Thursday, July 30, 2015

It’s time for students and parents to go from thinking about vacationing and backpacking to ensuring vaccinations are up-to-date and buying backpacks and school supplies.

The University of Iowa has a number of sources who can provide expert insights on everything from how find a backpack that won’t create back injuries and developing better sleep habits to understanding the vital role of school counselors and how to work with them in making the back-to-school transition a smooth and successful one.



What do school counselors do at the beginning of the school year?

Expert: Susannah Wood, associate professor in the UI College of Education. Wood teaches both doctoral students and students who are pursing a master’s in school counseling with an emphasis in gifted education in partnership with the UI Connie Belin and Jacqueline N. Blank International Center for Gifted Education and Talented Development.

Susannah Wood
Susannah Wood

Expert contact:, 319-335-5050

While specific duties depend on the building level, school counselors perform a variety of important tasks in August through October.  These include: 

  • greeting new students and families to the school;
  • helping students register for classes or changing school schedules;
  • meeting with families, teaching staff, or educational specialists to identify and work with specific learning needs;
  • working with community agencies to secure school supplies or other resources;
  • reviewing school counseling curricula;
  • and creating counseling small groups for students around different topics such as making friends, anger management, and study skills.
  • School counselors may also be involved with creating after-school groups like Student Against Violence through Education (SAVE) or after-school study sessions. School counselors are highly active on back-to-school nights and parent-teacher conferences.

But parents and family members don’t have to wait for those specific times to contact their school counselor. The American School Counselor Association recommends meeting with school counselors at least three times a year. A great relationship with the school counselor can go a long way, Wood says. School counselors may have the same students for more than one year, depending on the building level and their assignment. This extended time allows for deep relationships between students, counselors, teachers, and family members.

Healthy sleep habits for kids

Deborah Lin-Dyken
Deborah Lin-Dyken

Expert: Deborah Lin-Dyken, clinical associate professor of pediatrics at UI Children’s Hospital and pediatric sleep specialist

Expert contact: or 319-384-9261

Lin-Dyken’s tips to help get kids on a sleep schedule:

  • Start enforcing wake-up times. Parents may need to slowly move both bedtime and wake-up times to correlate with the school schedule.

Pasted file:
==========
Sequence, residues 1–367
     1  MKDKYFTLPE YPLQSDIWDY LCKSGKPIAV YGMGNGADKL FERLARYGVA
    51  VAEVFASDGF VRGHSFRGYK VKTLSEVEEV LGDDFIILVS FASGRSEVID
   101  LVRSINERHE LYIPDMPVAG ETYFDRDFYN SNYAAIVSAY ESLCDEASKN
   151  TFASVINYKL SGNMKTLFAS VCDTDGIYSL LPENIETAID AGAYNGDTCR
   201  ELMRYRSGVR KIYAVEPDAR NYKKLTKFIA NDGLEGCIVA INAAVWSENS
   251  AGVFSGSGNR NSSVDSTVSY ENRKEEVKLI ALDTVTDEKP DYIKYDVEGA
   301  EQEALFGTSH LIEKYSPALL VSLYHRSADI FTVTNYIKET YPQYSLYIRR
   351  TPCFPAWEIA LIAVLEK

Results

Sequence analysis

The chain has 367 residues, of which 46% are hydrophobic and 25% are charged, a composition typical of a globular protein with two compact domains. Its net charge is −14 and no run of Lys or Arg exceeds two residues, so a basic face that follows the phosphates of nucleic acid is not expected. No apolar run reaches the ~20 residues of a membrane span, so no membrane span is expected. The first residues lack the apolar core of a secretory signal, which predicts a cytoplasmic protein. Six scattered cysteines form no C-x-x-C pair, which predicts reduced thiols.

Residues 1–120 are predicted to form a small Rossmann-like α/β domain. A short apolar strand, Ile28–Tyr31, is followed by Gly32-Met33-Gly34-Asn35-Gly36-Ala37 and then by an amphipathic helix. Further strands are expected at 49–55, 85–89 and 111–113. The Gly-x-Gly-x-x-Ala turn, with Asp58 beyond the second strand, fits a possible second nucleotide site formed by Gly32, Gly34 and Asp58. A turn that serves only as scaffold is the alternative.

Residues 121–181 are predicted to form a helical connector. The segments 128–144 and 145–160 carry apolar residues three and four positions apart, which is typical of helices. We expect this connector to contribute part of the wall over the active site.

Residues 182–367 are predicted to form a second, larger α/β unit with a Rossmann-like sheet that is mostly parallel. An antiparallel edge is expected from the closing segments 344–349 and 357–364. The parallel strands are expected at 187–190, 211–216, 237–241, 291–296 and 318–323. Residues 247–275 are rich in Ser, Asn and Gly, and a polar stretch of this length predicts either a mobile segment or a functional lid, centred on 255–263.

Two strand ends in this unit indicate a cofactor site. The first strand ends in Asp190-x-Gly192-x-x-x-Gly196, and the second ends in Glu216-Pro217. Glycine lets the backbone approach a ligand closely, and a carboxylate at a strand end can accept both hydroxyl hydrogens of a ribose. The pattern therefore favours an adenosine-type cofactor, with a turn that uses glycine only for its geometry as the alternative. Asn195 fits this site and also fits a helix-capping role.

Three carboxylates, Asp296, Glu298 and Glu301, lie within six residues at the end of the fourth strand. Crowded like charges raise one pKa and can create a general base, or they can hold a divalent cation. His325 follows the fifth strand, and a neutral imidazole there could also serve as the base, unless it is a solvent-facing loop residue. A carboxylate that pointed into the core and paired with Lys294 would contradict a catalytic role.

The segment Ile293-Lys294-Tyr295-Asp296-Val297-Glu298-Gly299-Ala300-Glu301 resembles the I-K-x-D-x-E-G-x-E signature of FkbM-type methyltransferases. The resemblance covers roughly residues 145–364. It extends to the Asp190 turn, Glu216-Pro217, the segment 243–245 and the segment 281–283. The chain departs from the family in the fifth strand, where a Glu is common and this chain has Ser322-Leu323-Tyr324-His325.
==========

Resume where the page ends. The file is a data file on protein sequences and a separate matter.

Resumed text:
• Limit the bedroom for sleeping. Remove TV, computer, video games, cell phones from the bedroom. Do not use the bedroom for “timeout.”
  • Engage in quiet activities before bed. Read to your kids, so they get “parent time” and are inspired to read.
  • Encourage moderate exercise or physical activity daily, but not within four hours of bedtime. Avoid caffeine.


Backpack-related injuries in children 18 and under

portrait of Stuart Weinstein
Stuart Weinstein

Expert: Stuart Weinstein, pediatric orthopaedic surgeon at UI Hospitals and Clinics; and professor of orthopaedics and rehabilitation, UI Carver College of Medicine; past president of the American Academy of Orthopedic Surgeons

Expert contact: or 319-356-1872

Weinstein recommends:

  • Limiting the load in a child’s backpack to no more than 15 percent of the child's body weight.
  • Teaching kids to use both shoulder straps when wearing backpacks, rather than slinging the pack over one shoulder.
  • Purchasing backpacks at sporting goods stores, where you can find quality packs that will properly distribute weight.
  • Encouraging your child’s school to help teach good back health by inviting an orthopaedic surgeon to speak at health classes or assemblies.


Immunizations and vaccines

Patricia Winokur
Patricia Winokur

Expert: Patricia Winokur, professor of internal medicine and director of the UI Vaccine Research and Education Project

Expert contact: or 319-356-3909

Winokur recommends:

  • Discuss your student’s immunization status with your family physician.
  • Ensure that all recommended immunizations and needed booster shots are obtained.
  • Evidence-based results show that vaccines are safe and effective.


Sports: conditioning, injury prevention, treatments

Brian Wolf
Brian Wolf

Expert: Brian Wolf,  associate professor of orthopaedics and rehabilitation

Expert contact: or 319-353-7954

Wolf recommends:

  • Prevention of athletic injuries is the best approach.
  • The risk for injury is reduced by being physically conditioned, using proper mechanics, strengthening exercises, and closely monitoring activity levels.
  • Younger athletes in particular may also consider avoiding specializing in just one sport, both to avoid injuries and reduce burning out.


How to identify bullying and how to help your child

Marizen Ramirez talks about how to recognize and overcome bullying.

Expert: Marizen Ramirez, assistant professor, UI College of Public Health

Areas of expertise: Bullying, school-based injuries and violence.

Expert contact: or 319-335-4425